School psychologists and teachers collaborate with the common goal of meeting the needs of all students (Fagan & Wise, 1994). It is particularly important for school psychologists to work effectively with special educators and general education teachers and to view themselves as parts of the district-wide educational program (Buktenica, 1980). Recent changes in legislation call for service delivery models that require more collaboration between teachers and school psychologists (IDEA, 2004).
One place that school psychologists and teachers collaborate is in special education eligibility meetings, typically called individualized education program (IEP) meetings (Hubbard & Adams, 2002). In the context of IEP meetings, school psychologists, parents, and teachers come together with others to make decisions about what is thought to be best for a child. Within a group, members have different knowledge and expertise to contribute to the discussion (Yukl, 1998). For example, Dougherty (2000) emphasized the importance of active participation in school-based consultation. He suggested mutual accountability to increase the likelihood of active participation. According to Gress and Carroll (1985), all of the members of IEP teams must contribute and feel a part of the process to insure effective implementation of goals.
Roles of Teachers and School Psychologists in IEP Meetings. Although there is support for participation from all members of IEP teams, the actual roles of the participants have been less clear. Roberts and Solomons (1970) studied parent conferences in Iowa and found disagreements about participants' roles at meetings. They asked school psychologists and special education teachers about who interpreted assessment results during parent conferences. The school psychologists (n = 100) and teachers (n = 296) disagreed about who interpreted test results and who should interpret results to parents at conferences. Teachers reported that they were more involved in interpretation than were school psychologists, and that teachers wanted to be even more involved. On the other hand, the school psychologists reported that they interpreted the assessment results and recommendations at parent conferences and should be the ones to do so. The authors concluded that neither school psychologists nor teachers appear to be aware of the role of school psychologists during parent conferences, and there appear to be gaps in communication between the two disciplines.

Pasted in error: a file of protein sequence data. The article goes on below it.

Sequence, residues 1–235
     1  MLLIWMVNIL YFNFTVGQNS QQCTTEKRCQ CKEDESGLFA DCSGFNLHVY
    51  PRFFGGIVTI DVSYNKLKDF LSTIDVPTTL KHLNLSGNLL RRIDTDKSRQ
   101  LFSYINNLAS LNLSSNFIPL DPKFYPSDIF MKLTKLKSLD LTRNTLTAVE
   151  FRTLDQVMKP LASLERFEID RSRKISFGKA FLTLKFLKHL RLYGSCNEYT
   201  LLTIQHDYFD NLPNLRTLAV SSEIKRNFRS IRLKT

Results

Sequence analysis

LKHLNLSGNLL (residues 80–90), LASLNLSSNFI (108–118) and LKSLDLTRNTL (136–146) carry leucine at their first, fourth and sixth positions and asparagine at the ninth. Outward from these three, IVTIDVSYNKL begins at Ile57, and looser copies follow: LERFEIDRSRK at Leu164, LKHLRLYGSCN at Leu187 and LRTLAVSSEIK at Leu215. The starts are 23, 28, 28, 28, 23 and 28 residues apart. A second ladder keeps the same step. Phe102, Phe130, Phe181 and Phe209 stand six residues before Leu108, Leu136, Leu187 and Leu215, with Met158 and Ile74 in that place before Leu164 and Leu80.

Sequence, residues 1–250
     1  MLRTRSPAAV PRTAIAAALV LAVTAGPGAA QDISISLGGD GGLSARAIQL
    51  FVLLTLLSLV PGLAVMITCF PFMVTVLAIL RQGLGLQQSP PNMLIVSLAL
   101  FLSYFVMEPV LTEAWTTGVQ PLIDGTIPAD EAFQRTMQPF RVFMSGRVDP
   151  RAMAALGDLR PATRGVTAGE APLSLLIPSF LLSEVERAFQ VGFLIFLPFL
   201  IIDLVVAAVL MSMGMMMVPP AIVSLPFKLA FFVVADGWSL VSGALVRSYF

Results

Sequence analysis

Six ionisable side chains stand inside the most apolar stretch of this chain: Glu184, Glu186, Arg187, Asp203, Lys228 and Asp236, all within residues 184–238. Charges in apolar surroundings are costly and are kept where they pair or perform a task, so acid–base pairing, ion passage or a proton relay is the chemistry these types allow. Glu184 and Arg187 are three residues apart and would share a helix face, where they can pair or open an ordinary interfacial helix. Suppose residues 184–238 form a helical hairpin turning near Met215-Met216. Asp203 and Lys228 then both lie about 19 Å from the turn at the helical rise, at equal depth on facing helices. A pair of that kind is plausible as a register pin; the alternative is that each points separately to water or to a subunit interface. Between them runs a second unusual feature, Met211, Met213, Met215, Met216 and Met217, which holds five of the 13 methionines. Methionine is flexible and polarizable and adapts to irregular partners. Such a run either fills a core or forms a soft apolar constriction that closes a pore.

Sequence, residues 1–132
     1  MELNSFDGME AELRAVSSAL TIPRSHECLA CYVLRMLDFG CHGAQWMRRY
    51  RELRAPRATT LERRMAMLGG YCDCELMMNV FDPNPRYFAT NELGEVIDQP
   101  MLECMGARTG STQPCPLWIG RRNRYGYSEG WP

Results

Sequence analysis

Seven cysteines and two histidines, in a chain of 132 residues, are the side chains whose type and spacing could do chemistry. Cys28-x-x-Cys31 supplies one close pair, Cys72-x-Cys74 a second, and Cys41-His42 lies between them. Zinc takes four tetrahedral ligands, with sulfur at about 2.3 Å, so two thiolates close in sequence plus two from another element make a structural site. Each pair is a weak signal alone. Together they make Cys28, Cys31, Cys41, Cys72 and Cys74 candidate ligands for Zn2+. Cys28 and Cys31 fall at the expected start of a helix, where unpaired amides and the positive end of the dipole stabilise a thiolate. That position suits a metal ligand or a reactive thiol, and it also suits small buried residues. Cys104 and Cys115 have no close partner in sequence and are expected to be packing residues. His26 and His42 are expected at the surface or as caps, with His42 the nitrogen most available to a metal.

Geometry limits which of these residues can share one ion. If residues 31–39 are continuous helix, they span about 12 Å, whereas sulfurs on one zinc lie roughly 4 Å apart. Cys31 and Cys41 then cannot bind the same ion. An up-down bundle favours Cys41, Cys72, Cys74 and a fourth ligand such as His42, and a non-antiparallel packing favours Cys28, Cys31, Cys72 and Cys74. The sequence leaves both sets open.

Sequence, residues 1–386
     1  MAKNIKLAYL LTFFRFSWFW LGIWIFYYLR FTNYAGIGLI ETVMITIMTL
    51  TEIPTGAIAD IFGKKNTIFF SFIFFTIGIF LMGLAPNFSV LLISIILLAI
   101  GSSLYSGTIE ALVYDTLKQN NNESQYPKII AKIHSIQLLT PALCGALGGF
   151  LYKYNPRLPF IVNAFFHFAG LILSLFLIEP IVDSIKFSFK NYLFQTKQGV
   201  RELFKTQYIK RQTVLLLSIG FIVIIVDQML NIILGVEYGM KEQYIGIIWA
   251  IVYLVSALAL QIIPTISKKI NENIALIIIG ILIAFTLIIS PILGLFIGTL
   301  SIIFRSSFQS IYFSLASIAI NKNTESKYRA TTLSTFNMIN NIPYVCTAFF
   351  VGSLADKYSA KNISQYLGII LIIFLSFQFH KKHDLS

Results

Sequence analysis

Wigle and Wilcox (2003) asked special education teachers (N = 224) from five different states to rate their levels of competency in several roles. Each role contained several activities performed by special education teachers. One of the roles included interpreting assessment data, initiating parent communication, portraying ethical standards, and collaboratively developing education plans. Additional roles included activities such as obtaining funding or administering budgets, using new technology, assessment, and curriculum modification. The special education teachers indicated that they were most competent in the role that included interpreting assessment data, initiating parent communication, portraying ethical standards, and collaboratively developing education plans. The authors stated that this role had been expected from special educators for years.
According to Hardman, Drew, and Egan (2002), IEP meetings should have someone in a leadership role, such as the school psychologist or special education teacher. In a study by Martin, Marshall, and Sale (2004), special education teachers from middle, junior high, and high schools reported speaking more during IEP meetings than any other team members (i.e., students, parents, regular education teachers, administrators, related services, or others). The authors stated that special education teachers are typically in the role of leading IEP meetings. The study was limited because it did not differentiate among related professionals who provide services in the schools (e. …